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Oct 20, 2018 Monopoly
Post by John Rancke
The game was designed to teach children about the inherent unfairness of the capitalist land-grabbing system, and demonstrate how it enriches landlords while impoverishing tenants. Interestingly, it also included rules for a co-operative, anti-monopolist “Prosperity Game”, in which victory was achieved when all players had at least double their original stake. The first version took off and was preferred by the players. Hence Greed was born or at least made it’s way onto the floors of parlors and dens across America.
Monopoly as we know it was invented in the 1930s by Parker Brothers. Many of the rules from the original “Landlord’s Game” made its way into the Parker Brother’s version.
We all know the rules, but many don’t know the best way to own the game from the start.
This strategy involves the use of rules that many people don’t know about, and having the rule book nearby will speed up the process of dealing with the numerous complaints you’ll receive during the game.
Your goal in the early part of the game is to gain a monopoly and begin improving those properties. The earlier you can do this, the better, and a three-property group is far superior to a two-property group if you need to choose. Most people don’t know that if someone lands on a property and doesn’t buy it, either due to shortage of funds or not wanting to pay the list price, it is auctioned by the bank to the highest bidder. Landing on a property only gives the player first right of refusal to buy, not the right to prevent others from buying. This can sometimes be a good way to snag a cheap property, or pay extra to complete your set.
Ideally, you want the cheaper properties (light blue, light purple, orange), which will allow you to build up houses faster. This will aid in creating a housing shortage, which is you long term goal. The old supply and demand game!! Swapping an expensive property (green or navy) for their cheap one (orange) to give you both a full set is an easy sell, but they end up with the bad lots, too expensive for them to develop with their current resources, while you sit on a set that can easily be developed with houses. The orange properties will be hit the most, as they are 6, 8 and 9 spaces from jail, which is the most commonly occupied space on the board. If you have the opportunity to get the orange set, go for it.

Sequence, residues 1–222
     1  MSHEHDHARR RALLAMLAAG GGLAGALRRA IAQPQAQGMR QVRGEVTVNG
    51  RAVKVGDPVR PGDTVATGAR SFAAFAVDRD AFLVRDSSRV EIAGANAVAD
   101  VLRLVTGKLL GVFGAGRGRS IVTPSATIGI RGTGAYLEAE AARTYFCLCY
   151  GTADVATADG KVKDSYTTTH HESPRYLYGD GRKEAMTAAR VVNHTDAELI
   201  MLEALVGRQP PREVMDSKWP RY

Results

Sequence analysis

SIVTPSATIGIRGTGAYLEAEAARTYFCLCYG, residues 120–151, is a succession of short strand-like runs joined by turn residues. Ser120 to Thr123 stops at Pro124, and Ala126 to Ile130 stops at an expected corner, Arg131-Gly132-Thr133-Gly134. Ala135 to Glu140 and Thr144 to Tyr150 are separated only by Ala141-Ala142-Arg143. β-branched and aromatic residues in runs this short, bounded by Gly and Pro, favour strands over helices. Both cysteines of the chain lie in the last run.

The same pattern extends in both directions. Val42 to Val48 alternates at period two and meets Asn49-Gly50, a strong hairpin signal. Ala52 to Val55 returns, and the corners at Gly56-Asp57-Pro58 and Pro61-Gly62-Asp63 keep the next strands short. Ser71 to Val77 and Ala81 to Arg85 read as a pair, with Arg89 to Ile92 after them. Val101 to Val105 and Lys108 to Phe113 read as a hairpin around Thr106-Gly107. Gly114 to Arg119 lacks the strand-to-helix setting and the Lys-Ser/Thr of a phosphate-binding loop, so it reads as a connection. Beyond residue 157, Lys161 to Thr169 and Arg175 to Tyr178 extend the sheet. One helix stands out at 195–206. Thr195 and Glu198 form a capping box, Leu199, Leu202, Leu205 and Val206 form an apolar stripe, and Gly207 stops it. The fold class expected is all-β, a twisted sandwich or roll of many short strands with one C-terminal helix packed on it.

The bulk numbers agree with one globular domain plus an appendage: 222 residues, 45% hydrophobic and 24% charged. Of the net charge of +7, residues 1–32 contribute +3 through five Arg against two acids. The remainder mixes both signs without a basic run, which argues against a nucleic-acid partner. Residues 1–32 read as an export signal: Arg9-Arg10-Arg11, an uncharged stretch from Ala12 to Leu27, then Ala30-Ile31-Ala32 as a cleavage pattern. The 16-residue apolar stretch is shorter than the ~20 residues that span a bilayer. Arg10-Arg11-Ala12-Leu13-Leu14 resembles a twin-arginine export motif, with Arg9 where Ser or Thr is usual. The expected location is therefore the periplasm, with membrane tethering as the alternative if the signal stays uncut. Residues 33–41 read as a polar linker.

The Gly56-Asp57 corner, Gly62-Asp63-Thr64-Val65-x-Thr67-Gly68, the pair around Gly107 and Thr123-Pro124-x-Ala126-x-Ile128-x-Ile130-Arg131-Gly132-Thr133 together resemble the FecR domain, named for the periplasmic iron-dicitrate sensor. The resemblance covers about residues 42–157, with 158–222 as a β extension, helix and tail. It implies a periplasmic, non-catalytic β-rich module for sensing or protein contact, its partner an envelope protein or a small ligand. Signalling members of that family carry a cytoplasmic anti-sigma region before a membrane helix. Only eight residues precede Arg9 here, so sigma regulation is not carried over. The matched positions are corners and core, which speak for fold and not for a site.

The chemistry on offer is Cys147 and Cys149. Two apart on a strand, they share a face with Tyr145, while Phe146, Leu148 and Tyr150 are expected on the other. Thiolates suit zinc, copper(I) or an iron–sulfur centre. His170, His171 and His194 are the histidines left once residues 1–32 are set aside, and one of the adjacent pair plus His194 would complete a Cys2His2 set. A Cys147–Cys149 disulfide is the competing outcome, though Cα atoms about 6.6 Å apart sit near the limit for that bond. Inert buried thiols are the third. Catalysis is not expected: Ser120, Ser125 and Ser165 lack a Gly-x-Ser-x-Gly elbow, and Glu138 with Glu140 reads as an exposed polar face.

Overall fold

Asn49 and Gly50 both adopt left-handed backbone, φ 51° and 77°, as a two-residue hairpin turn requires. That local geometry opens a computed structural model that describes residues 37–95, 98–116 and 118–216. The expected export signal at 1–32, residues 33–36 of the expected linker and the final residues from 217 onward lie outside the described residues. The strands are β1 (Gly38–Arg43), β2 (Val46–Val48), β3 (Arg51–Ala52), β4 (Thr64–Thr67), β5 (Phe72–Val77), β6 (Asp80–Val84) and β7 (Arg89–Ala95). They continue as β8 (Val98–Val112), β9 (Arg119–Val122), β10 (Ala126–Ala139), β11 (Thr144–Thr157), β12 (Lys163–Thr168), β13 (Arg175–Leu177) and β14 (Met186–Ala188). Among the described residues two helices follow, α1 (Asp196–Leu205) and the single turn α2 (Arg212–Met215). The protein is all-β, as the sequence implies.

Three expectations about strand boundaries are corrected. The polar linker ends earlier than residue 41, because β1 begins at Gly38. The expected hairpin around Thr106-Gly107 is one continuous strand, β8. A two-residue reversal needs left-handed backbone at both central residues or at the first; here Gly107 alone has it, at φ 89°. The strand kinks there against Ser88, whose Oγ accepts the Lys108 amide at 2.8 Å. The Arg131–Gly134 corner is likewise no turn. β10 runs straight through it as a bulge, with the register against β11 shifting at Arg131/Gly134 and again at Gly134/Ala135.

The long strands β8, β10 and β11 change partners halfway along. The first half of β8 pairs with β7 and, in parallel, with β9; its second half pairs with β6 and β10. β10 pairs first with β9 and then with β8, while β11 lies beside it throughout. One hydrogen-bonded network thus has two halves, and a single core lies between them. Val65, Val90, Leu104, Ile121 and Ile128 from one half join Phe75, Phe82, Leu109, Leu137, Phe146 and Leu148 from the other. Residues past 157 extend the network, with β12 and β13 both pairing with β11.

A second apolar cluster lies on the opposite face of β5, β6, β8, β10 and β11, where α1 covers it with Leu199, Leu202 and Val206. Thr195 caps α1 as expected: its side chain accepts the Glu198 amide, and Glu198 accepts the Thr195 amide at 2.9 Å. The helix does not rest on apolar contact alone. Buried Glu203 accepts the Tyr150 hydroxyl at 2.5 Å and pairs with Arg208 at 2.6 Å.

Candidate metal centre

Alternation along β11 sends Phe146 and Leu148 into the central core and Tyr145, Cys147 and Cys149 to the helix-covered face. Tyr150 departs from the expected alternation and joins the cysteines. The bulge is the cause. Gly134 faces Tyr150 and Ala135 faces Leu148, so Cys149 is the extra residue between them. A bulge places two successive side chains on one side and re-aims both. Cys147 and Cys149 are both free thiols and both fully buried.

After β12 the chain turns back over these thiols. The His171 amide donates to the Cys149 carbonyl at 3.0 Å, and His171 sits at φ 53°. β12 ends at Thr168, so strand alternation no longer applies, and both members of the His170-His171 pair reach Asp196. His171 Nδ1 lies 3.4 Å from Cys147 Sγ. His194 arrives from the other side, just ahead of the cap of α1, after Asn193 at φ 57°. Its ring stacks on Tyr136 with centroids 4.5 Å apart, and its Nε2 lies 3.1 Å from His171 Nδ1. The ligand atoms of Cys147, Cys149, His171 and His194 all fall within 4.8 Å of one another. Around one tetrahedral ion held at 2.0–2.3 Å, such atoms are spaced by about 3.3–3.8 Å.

Now you start buying houses for your properties, at least 3 for each address. Three houses on each is a good target, as there’s a significant rent hike at the third house. It’s worth mortgaging your other properties to do this faster, if possible.
A little-known rule of Monopoly is that the game has exactly 32 houses and 12 hotels. NEVER BUY HOTELS!!! Once you run out of houses, no more can be purchased until they re-enter the supply by being sold or upgraded to hotels. If there are more players who want to build houses than there are houses available, they are auctioned off to the highest bidder, one at a time. The core of this strategy is to buy up as many houses as possible before anyone realizes what you’re doing.
Get a 2nd monopoly of property by horse trading with your opponents your next task is to improve those properties to three houses each, then all of your properties to four houses each. Six properties with three houses will give you more than half of the houses in the game, and four houses each will give you 75% of the total supply. This will drive your opponents crazy. Keep the rule book nearby once the supply gets low, as you will undoubtedly be questioned on it. At this point, you will be asked repeatedly to build some hotels so that other people can build houses. As they said in The Sopranos “Fogettaboutit”.
Now just wait them out. Collect your rent, uses your mortgage ability on your existing properties should you have an emergency and just ride out the fussing and cussing from around the board.
Play to Win. Go Hard or Go Home. Winner Winner Chicken Dinner